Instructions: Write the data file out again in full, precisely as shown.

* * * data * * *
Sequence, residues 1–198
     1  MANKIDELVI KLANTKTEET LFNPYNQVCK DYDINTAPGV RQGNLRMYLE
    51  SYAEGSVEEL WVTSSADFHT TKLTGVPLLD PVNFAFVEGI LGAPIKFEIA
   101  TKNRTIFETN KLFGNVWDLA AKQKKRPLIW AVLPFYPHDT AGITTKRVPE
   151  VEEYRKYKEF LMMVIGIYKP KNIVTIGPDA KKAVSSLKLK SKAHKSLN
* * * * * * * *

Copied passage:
Sequence, residues 1–198
     1  MANKIDELVI KLANTKTEET LFNPYNQVCK DYDINTAPGV RQGNLRMYLE
    51  SYAEGSVEEL WVTSSADFHT TKLTGVPLLD PVNFAFVEGI LGAPIKFEIA
   101  TKNRTIFETN KLFGNVWDLA AKQKKRPLIW AVLPFYPHDT AGITTKRVPE
   151  VEEYRKYKEF LMMVIGIYKP KNIVTIGPDA KKAVSSLKLK SKAHKSLN